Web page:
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The theory behind complex needs

Good practice is informed by evidence, and most evidence-based practice is informed by theory. Think about how you work with a person and why you're working in that particular way. There are a number of theoretical approaches that are useful for framing practice strategies when working with clients with complex needs. Here is a brief overview of some of these theories.

Holistic practice

Holistic practice means providing care to a person in a way that considers all aspects of their life, including their physical and mental health, living situation and social networks. It doesn't mean that a drug and alcohol worker or service is expected to provide all services to meet a person's needs. But it does involve identifying areas of need, and potentially modifying the way you provide services to a person and coordinate care with other services. Holistic practice is:

  • Person-centred. Care is personalised and focused on the specific strengths and needs of the person.
  • Collaborative. A person participates in making decisions about all aspects of their care. Support is provided to the person if necessary to maximise their ability to make their own decisions.
  • Flexible. The model of care can be adapted to accommodate a person's needs.
  • Strengths-based. The care received by a person should recognise and work towards their strengths and capacities.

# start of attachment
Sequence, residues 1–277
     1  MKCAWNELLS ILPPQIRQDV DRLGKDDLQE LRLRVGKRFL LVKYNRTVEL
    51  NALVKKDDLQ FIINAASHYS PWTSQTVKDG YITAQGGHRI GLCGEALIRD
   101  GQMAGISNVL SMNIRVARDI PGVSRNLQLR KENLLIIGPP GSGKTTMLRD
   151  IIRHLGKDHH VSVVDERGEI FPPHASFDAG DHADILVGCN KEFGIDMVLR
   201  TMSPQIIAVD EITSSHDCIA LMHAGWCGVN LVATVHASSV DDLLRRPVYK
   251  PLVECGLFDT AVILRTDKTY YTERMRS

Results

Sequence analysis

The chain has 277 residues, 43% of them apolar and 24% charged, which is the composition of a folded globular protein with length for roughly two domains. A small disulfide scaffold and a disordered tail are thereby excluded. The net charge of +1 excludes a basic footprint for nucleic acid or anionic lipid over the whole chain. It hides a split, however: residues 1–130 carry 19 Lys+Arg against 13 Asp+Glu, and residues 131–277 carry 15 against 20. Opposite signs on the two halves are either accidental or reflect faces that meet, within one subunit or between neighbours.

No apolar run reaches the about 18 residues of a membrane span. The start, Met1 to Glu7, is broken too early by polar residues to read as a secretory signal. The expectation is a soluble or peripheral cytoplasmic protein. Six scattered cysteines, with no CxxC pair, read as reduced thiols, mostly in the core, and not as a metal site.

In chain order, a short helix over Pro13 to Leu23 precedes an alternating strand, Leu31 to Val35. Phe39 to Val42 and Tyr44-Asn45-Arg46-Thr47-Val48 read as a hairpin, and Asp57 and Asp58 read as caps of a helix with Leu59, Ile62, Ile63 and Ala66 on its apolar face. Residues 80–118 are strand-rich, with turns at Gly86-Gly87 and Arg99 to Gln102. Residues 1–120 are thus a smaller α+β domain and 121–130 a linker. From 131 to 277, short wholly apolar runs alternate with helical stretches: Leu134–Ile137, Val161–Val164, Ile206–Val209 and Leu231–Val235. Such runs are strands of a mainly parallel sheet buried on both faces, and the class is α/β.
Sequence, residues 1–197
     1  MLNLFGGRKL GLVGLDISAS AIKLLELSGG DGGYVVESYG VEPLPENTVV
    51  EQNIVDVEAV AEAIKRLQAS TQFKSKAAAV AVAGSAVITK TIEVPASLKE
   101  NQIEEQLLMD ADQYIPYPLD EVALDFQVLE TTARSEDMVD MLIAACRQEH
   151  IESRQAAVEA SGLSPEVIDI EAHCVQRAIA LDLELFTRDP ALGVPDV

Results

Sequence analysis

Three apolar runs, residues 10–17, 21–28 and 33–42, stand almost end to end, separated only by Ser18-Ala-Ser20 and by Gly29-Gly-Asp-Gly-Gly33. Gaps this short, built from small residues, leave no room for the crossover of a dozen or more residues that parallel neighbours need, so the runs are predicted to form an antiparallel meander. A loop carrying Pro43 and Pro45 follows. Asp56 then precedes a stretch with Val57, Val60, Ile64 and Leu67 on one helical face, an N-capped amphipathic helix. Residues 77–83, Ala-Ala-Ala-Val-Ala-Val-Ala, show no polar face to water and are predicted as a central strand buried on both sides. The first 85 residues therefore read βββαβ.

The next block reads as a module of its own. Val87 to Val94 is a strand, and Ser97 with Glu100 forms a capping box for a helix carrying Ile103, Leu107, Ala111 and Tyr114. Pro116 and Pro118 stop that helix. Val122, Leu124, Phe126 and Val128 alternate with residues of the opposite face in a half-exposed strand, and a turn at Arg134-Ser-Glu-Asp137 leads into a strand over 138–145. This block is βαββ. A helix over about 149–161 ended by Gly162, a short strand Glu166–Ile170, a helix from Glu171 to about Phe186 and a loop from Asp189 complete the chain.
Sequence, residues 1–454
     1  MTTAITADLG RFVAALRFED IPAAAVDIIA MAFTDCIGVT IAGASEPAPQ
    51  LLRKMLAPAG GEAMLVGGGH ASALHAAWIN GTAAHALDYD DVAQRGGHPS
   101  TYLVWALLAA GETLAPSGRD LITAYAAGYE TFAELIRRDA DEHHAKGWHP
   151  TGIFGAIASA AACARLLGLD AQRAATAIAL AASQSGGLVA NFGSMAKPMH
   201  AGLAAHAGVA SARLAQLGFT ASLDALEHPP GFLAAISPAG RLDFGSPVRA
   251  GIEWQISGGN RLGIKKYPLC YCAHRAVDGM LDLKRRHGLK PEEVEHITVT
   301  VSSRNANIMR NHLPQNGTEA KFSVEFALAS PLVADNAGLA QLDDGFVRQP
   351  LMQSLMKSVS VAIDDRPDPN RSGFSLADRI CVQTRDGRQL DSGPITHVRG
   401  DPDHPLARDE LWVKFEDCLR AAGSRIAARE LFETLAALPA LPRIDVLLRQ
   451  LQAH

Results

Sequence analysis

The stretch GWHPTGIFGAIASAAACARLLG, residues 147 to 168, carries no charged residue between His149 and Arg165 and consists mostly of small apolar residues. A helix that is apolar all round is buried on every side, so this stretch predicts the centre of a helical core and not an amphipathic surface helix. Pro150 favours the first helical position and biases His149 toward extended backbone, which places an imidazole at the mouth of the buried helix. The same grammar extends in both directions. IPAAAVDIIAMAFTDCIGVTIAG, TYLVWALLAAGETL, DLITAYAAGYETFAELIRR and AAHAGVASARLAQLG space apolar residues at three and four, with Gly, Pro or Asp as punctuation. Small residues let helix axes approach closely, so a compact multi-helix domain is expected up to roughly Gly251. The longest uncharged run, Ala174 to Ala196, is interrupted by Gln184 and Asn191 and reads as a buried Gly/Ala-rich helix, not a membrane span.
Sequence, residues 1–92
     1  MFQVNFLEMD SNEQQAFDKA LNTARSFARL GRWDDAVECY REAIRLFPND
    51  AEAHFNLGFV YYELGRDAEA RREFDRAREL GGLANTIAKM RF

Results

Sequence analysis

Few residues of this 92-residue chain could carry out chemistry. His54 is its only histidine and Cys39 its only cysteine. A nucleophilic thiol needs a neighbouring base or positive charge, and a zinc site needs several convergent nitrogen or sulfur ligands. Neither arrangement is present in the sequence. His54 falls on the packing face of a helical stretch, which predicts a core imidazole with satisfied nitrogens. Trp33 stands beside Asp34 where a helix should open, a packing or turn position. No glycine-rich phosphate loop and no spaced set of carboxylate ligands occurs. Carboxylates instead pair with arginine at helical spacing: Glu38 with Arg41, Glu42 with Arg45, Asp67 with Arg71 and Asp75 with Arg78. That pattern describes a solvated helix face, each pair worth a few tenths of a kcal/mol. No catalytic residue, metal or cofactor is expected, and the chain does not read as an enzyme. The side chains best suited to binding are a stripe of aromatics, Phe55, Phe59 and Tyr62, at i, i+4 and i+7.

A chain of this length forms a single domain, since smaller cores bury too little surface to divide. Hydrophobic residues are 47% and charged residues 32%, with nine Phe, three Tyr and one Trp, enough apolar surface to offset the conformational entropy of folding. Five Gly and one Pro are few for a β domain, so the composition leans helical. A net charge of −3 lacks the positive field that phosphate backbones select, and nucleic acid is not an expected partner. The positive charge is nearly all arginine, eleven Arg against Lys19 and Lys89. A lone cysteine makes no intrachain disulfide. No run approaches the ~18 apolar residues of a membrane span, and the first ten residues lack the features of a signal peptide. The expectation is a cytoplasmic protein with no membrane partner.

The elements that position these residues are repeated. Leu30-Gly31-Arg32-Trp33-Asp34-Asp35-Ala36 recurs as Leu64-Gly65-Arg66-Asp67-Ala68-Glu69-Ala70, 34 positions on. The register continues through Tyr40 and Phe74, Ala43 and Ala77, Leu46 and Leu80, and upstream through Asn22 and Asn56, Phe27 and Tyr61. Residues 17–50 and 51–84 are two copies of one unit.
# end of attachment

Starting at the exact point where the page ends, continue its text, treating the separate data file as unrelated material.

• Focused on engagement and rapport. The model of care recognises that engaging with a person and building a trusted and positive relationship is a key component of fostering personal growth and change.
  • Respectful. The care provided to a person is free from stigma and discrimination and actively works towards making a person feel accepted by the service, the workers and other clients.
  • Hopeful. Care is informed by an attitude of optimism and hope. There's an assumption that a person can be supported to make positive changes in their life, whatever their history or current circumstances.
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"Holistic practice means providing care to a person in a way that considers all aspects of their life ... It doesn't mean that a drug and alcohol worker or organisation is expected to provide all services to meet a person's needs."

Inclusive practice